I've just returned from a very cool brainstorming session regarding the 49ers hall of fame, which will be part of the new stadium. The groups heading up the operation, Cambridge Seven Associates, Inc. and Cortina Productions, have the skeleton of the structure mapped out. What they're trying to do now is put the meat on those bones.
That's where we came in. The group invited several reporters to sit down and talk about everything from great moments in 49ers history to very broad ideas of what the team symbolizes to components we think should be part of the hall of fame. A reoccurring theme with us was that while The Catch is undisputedly the iconic moment for the team, there are 35 years of history prior to that that should not be forgotten.
The plans are ambitious, both from a content and a timeline standpoint. (The stadium is set to open two years from now). One of the tenets of the new stadium is cutting-edge technology. The hall-of-fame groups want to marry that techno-savvy with the franchise's past, which may seem like opposing ideas but which also promises to make it a very cool project.
For example, how would you like a virtual reality experience of exiting the locker room, walking through the narrow, moldy tunnels beneath Candlestick and then emerging onto the field in front of 68,000 screaming fans? (Think: "Avatar" meets "Any Given Sunday.")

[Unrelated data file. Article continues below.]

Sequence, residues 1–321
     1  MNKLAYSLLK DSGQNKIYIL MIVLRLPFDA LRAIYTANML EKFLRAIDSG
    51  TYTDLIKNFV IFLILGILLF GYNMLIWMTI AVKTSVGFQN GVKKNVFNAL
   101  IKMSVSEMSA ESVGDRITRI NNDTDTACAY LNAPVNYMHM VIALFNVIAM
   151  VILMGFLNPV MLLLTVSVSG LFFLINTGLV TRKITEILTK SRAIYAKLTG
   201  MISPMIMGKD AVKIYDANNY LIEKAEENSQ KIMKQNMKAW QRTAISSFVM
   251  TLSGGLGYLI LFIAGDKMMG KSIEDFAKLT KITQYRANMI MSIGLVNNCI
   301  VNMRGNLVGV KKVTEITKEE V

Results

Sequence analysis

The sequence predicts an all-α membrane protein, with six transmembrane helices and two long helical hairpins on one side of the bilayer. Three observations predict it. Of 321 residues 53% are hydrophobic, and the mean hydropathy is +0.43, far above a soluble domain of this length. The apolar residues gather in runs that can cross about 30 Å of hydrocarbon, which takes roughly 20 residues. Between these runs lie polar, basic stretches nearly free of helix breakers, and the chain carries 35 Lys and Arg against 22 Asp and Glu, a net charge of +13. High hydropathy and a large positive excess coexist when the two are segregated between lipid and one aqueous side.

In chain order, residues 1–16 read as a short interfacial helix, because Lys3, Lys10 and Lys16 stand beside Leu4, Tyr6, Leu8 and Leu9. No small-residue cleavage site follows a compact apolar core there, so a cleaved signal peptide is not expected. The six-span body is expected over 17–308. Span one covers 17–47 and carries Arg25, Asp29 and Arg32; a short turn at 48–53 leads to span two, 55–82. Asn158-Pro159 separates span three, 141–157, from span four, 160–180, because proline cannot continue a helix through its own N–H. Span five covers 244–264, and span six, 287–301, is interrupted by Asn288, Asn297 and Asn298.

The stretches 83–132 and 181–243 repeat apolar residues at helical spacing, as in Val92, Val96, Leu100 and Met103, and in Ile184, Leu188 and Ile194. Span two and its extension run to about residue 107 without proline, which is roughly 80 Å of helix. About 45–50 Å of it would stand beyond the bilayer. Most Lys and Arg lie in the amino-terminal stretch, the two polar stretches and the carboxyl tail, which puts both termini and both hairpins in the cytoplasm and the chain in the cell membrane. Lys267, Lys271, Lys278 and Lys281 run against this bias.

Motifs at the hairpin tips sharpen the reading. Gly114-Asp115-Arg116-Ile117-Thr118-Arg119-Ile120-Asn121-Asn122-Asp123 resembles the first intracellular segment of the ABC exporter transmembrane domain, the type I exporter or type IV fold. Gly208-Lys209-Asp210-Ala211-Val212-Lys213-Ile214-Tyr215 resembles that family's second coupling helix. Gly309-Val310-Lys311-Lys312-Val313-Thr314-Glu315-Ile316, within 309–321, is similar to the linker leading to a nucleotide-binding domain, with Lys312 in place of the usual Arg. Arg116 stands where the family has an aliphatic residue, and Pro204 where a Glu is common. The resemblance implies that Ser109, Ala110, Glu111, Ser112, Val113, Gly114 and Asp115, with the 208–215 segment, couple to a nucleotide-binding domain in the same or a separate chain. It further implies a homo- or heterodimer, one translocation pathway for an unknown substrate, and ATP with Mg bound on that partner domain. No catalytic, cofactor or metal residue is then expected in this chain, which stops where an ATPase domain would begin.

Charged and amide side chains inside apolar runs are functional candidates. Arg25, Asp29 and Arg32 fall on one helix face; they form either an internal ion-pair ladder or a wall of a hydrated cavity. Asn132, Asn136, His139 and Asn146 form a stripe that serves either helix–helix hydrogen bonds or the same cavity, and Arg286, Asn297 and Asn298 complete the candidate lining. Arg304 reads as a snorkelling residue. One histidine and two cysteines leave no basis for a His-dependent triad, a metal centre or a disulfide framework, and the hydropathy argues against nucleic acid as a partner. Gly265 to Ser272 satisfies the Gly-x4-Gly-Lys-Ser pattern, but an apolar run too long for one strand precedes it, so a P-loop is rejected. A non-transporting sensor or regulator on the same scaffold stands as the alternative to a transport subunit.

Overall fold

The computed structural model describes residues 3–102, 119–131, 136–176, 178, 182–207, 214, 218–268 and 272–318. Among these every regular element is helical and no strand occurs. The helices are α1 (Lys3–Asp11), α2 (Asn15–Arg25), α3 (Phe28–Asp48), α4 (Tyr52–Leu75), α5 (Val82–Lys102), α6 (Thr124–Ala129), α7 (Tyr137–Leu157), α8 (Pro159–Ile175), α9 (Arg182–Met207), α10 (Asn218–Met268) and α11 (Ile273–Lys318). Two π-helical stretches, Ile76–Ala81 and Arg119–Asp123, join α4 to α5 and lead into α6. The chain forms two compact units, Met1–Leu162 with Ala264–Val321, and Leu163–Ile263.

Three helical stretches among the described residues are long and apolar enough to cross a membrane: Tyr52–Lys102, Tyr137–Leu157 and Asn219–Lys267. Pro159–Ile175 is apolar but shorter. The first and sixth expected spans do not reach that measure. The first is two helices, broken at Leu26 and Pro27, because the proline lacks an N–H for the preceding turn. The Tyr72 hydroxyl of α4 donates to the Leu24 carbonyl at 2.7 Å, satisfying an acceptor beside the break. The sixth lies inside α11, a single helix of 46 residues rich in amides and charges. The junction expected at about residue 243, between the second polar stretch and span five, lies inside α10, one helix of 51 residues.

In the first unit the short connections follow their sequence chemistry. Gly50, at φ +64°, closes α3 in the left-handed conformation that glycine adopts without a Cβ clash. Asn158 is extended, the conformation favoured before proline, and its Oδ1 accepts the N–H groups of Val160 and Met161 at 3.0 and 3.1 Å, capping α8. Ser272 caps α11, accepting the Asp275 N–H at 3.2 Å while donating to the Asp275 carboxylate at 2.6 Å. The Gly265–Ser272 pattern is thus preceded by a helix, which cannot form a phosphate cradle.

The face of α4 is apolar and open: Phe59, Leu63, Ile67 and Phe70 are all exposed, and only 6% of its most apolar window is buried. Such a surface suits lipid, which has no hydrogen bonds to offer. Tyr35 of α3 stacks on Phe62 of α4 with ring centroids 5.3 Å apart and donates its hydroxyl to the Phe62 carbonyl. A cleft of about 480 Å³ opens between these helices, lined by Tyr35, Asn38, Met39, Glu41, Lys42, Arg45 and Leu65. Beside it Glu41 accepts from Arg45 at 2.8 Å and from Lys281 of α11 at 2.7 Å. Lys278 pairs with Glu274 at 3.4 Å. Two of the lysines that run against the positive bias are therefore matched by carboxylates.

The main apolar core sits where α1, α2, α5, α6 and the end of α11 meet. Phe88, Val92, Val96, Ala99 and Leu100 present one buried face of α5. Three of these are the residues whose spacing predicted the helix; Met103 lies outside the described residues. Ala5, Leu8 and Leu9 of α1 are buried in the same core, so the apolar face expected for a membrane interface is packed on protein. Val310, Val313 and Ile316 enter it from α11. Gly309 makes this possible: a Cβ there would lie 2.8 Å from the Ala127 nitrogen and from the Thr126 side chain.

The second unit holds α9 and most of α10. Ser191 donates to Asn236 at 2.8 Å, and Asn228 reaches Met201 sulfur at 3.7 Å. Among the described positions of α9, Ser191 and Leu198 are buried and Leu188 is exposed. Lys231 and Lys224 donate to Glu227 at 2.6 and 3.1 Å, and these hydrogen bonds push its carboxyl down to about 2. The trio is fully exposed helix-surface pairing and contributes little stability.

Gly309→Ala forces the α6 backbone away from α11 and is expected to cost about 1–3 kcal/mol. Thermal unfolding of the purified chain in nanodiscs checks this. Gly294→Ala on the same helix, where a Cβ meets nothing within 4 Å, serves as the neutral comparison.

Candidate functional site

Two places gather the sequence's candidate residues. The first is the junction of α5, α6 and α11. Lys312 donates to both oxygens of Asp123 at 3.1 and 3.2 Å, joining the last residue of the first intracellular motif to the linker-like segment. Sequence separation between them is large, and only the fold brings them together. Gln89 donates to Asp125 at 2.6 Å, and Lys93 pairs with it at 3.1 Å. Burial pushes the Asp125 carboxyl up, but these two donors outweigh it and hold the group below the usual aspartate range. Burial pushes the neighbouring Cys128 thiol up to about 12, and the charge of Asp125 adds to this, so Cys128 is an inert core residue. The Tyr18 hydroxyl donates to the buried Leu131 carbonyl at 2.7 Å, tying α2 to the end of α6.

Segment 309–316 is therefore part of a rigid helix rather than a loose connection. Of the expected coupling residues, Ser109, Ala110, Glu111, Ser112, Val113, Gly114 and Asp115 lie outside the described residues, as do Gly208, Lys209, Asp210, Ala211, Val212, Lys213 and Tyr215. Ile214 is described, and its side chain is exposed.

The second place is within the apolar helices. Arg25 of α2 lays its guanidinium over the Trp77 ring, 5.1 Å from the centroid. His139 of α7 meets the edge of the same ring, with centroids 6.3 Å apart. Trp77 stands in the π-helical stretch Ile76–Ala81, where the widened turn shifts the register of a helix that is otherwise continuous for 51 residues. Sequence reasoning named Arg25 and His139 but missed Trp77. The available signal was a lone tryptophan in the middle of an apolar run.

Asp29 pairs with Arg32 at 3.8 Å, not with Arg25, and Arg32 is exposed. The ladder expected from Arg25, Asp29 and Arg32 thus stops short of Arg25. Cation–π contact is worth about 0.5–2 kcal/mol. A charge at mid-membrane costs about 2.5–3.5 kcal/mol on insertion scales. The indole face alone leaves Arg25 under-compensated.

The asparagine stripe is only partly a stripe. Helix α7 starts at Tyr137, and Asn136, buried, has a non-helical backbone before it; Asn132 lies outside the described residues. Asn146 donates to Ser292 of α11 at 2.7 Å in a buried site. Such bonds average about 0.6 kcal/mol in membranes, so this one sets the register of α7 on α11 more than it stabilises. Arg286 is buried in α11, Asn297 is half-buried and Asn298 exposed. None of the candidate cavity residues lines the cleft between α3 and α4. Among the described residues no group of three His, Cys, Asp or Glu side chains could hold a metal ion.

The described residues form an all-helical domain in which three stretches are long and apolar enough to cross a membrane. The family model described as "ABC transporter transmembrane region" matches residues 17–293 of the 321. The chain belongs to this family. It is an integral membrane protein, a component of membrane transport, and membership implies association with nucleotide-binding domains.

Reporters are just one of the groups being consulted. Similar focus group sessions will be set up with season-ticket holders as well as teachers and students. The 49ers want this to be a year-round facility that caters particularly to children, who theoretically will learn about everything from nutrition to physics to sustainable design.
Former executives and players also will give their input. Indeed, as we were filing out, guys like Dwight Clark, Roger Craig and John McVay were heading in for their own session.
Cambridge Seven Associates has worked on a number of similar projects, including halls of fame for the Red Sox and Orioles, the NBA hall of fame and one for Little League baseball. The 49ers' version will be similar in size to one built by the Patriots in 2006. Cambridge Seven's Peter Sollogub said about 120,000 people go through that hall of fame annually.
One of the big differences, he said, is that the 49ers have far more history - and far more artifacts - than the Patriots did at the time. "When they began in 2006, they had zip," Sollogub said. The 49ers are now sorting through those artifacts, and as I wrote last week, they are seeking items from the franchise's past.
One of the ironies is that while Candlestick Park has been pilloried for being well past its prime and is being replaced because of that, it has served as an excellent repository for some of the items that are bound to appear in the hall of fame. Old scoreboards have been stored inside the 'Stick, which also is still home to the "helmet car" that once ferried injured players off the field.
-- Matt Barrows